Dragon Inn

Chinese, 1992

Directed by Raymond Lee


Starring: Maggie Cheung, Briette Lin, Donnie Yen and Tony Leung Kai-Fai

88 minutes

Reviewed by Val Frost

Rating (a 1 – 6 scale): 4



Dragon Inn is a lonely desert outpost run by Jade (Cheung)—a hottie with a penchant for human flesh. She lures poor unsuspecting bastards up to her room with promises of hot sex, then before they have their pants unzipped, Jade kills them with "willow darts,” takes their money, then kicks them down a chute where the butcher chops them up for the house specialty, spicy meat buns. Jade and her comrades are thieves whose favors go to the highest bidder.

Enter Yau Mok Sau (Lin), disguised (as usual for Lin) as a man. She brings with her two children on the run from the evil East Chamber—a bunch of nasty Eunuchs who apparently want to take over the world; or at the very least all of China. Soon after their arrival, Chow Wai On (Leung Ka-Fai), Yau’s sweetie and East Chamber fugitive arrives. Jade sets her sites on Chow, not for meat but for sex and money.



In the midst of this triangle enters a bunch of East Chamber dudes on the look out for Chow. Tensions arise when the leader doesn’t know what Chow looks like, but suspicions are rampant.

Unbeknownst to most, Jade has a secret tunnel that runs out to the desert—a great getaway for any self-respecting fugitive. When Chow discovers this, he tries to persuade Jade to let him and his company use it to escape the East Chamber. His promise of marriage finally persuades her (Jade isn’t interested in marriage—only the honeymoon). It is during this intimate battle—Chow trying to get her to divulge the escape route, Jade trying to bed Chow—that all hell breaks loose at the Inn between the two factions. Adding to this is the arrival of the head Eunuch, Donnie Yen.

Chow’s company finally escapes into the tunnel with Jade and the house butcher, but are pursued into a sand storm by Tsau sin Yan (Yen), head honcho of the East Chamber. The final action battle is amazing with the camera running wildly though the sand tracking the three on one sword fight between Tsau, Yau, Chow and Jade.

Dragon Inn is less confusing than many other HK flicks, the story line is somewhat straightforward and the swordplay and wire-fu are fairly well done. The most important thing to remember when viewing HK cinema, especially if you are a newbie to the genre, is that you do not need to actually understand the plot in order to enjoy the film. HK filmmakers consider plot quite secondary to the action and actors (Which is why Crouching Tiger Hidden Dragon was a bit of a flop in Hong Kong; it was too plot driven for the audiences). In fact, I often don’t have the slightest idea of what’s going on in many of my favorite HK films!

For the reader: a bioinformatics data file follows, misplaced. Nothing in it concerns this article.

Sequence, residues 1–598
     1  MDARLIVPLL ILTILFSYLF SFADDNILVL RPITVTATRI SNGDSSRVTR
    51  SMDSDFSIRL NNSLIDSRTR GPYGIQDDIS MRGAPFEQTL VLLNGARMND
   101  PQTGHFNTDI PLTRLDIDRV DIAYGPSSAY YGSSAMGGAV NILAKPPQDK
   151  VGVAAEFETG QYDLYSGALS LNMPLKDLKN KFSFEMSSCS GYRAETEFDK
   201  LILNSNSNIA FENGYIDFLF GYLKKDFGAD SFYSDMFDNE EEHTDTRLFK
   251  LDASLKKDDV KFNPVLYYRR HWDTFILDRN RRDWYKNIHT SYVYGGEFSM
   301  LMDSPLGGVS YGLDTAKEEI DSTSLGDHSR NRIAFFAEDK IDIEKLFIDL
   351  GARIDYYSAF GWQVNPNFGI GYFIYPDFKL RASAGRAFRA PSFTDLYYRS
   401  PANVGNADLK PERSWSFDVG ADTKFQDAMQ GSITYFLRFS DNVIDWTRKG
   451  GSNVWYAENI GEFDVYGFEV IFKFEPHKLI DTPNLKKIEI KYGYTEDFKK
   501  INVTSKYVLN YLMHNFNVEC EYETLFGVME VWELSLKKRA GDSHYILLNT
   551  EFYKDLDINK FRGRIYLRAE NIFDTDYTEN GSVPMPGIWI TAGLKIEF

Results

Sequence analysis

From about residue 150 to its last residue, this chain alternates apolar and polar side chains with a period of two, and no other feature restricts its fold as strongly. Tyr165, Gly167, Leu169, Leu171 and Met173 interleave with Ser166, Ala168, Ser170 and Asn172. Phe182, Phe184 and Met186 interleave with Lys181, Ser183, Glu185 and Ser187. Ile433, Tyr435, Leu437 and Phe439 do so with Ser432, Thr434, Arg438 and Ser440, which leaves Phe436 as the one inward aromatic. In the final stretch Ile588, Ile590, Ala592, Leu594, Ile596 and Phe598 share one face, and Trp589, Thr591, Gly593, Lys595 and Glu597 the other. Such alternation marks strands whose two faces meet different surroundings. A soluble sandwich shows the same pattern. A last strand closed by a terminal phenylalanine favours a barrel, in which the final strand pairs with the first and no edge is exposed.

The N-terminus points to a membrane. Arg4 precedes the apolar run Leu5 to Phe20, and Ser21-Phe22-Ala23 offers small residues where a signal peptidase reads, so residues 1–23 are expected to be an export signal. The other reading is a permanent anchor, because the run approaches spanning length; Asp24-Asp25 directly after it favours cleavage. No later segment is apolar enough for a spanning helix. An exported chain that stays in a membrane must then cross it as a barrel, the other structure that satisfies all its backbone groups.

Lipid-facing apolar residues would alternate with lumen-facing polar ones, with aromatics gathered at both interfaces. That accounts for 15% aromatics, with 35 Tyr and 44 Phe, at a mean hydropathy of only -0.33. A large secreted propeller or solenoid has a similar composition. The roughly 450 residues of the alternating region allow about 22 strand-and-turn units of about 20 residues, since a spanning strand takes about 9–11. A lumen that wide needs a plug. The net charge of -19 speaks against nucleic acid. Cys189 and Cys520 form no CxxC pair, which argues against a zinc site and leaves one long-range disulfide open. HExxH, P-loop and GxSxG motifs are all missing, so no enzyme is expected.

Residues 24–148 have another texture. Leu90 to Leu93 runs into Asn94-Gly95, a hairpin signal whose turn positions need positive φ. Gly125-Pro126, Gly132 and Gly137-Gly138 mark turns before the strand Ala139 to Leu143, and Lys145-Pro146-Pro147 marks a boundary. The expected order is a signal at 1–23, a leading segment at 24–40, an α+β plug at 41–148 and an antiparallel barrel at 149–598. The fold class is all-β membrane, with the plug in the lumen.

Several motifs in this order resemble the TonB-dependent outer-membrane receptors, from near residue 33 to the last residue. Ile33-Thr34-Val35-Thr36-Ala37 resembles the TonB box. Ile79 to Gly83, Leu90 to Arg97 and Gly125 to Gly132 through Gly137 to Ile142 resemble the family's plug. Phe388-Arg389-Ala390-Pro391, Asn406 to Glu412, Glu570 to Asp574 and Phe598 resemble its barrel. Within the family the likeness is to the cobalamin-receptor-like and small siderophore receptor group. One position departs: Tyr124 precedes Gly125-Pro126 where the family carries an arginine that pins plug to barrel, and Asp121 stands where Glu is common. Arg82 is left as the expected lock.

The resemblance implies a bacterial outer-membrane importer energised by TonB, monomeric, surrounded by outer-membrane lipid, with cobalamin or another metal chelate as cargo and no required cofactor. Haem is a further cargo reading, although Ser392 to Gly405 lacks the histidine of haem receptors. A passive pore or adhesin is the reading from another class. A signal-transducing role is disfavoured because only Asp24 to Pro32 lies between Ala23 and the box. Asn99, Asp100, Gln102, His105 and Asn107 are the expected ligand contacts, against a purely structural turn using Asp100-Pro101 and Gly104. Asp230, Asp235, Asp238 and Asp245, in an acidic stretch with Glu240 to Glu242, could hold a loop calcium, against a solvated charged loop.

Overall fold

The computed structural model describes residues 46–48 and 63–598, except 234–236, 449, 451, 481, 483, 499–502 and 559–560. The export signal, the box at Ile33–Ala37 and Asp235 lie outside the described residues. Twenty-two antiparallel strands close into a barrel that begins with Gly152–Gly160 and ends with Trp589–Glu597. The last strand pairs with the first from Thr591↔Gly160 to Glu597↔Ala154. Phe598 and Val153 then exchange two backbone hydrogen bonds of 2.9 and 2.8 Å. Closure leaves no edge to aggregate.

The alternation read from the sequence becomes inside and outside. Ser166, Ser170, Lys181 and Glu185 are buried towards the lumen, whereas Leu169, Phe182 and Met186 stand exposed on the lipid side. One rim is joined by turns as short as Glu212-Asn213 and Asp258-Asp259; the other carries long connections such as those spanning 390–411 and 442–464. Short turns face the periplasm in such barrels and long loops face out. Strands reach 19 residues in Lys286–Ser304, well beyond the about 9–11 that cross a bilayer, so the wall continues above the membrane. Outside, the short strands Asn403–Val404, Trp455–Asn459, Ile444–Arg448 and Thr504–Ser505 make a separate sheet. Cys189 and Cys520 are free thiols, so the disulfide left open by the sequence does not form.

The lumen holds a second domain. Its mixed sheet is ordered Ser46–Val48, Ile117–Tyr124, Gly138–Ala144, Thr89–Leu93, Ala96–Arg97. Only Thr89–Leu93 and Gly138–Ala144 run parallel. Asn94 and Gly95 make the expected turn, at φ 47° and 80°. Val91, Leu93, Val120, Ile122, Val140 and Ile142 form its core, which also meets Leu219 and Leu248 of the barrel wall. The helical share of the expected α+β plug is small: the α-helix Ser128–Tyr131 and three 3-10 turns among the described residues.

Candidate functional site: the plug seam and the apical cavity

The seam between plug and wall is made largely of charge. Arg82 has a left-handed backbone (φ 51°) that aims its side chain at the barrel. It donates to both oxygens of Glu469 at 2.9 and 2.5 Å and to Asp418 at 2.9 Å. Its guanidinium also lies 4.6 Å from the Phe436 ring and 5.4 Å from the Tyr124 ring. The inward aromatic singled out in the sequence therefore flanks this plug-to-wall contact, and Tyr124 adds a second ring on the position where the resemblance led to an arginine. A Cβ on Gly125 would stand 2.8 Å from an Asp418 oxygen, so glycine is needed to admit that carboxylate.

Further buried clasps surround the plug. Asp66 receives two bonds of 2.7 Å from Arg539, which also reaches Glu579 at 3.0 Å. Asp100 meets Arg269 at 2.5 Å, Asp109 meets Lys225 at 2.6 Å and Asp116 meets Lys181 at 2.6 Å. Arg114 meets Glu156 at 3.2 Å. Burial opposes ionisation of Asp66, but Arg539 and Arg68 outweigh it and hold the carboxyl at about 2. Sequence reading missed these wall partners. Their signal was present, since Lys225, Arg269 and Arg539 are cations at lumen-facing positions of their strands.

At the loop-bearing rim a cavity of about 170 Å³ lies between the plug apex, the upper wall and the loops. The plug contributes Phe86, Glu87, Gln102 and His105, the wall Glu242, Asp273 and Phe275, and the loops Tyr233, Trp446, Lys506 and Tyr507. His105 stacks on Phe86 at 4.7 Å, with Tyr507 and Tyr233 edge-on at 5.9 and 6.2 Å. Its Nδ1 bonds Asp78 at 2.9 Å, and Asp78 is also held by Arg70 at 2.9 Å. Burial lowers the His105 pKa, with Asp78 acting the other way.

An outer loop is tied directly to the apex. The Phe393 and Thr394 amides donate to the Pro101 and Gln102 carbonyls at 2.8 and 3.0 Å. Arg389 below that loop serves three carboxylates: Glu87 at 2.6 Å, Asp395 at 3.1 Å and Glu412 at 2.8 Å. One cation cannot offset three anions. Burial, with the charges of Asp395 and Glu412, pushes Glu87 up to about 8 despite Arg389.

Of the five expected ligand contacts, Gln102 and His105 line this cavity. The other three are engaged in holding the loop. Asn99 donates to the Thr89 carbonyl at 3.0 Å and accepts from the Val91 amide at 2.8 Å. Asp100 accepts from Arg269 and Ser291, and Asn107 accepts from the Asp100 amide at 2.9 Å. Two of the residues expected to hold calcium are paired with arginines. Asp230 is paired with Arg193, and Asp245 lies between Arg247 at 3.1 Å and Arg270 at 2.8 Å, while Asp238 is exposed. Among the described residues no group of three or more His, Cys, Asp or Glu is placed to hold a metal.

Maggie Cheung has the most to do in her role of Jade (a woman after money and, if she is lucky, a one-night stand). Her face aglow with desert sweat, her motivations clear, she has much more to work with than in the Jackie Chan films (i.e., Police Story 1, 2, and 3: Supercop—a series that allowed Western audiences to become acquainted with her for the first time), and bears the burden with energy, sex appeal, and humor.

Brigitte Lin is beautiful but is left with little to do after Ka-Fai arrives. Kai-Fai though is quite strong in the roll of Chow. Tall and handsome, he only feeds into Yau’s misery during his marriage to Jade. Donnie Yen, all gussied up with bright rouge (so we know he’s a eunuch I guess), makes a rather brief appearance in the beginning set up and then disappears until the final showdown in the sand. Once again, Mr. Yen’s talents have been wasted. Check out the magnificent Iron Monkey if you want to see what this fantastic actor and martial artist is capable of.



All in all, Dragon Inn captivated me; I mean, how many movies involve plot elements such as eunuchs and cannibalism? My favorite scene involved Cheung and Lin undressing one another in a slow motion wire-fu sequence. "What?” you say? My point exactly, one has to see it! The beginning is a little slow, but once the Inn is introduced, our attention is focused on Maggie Cheung and everything that swirls around her. The fight in the sandstorm at the end is thrilling (with a finale that is both surprising and shocking!) if all too quick, but Dragon Inn serves as both a fun film for HK film lovers and as an excellent introduction for people new to the genre.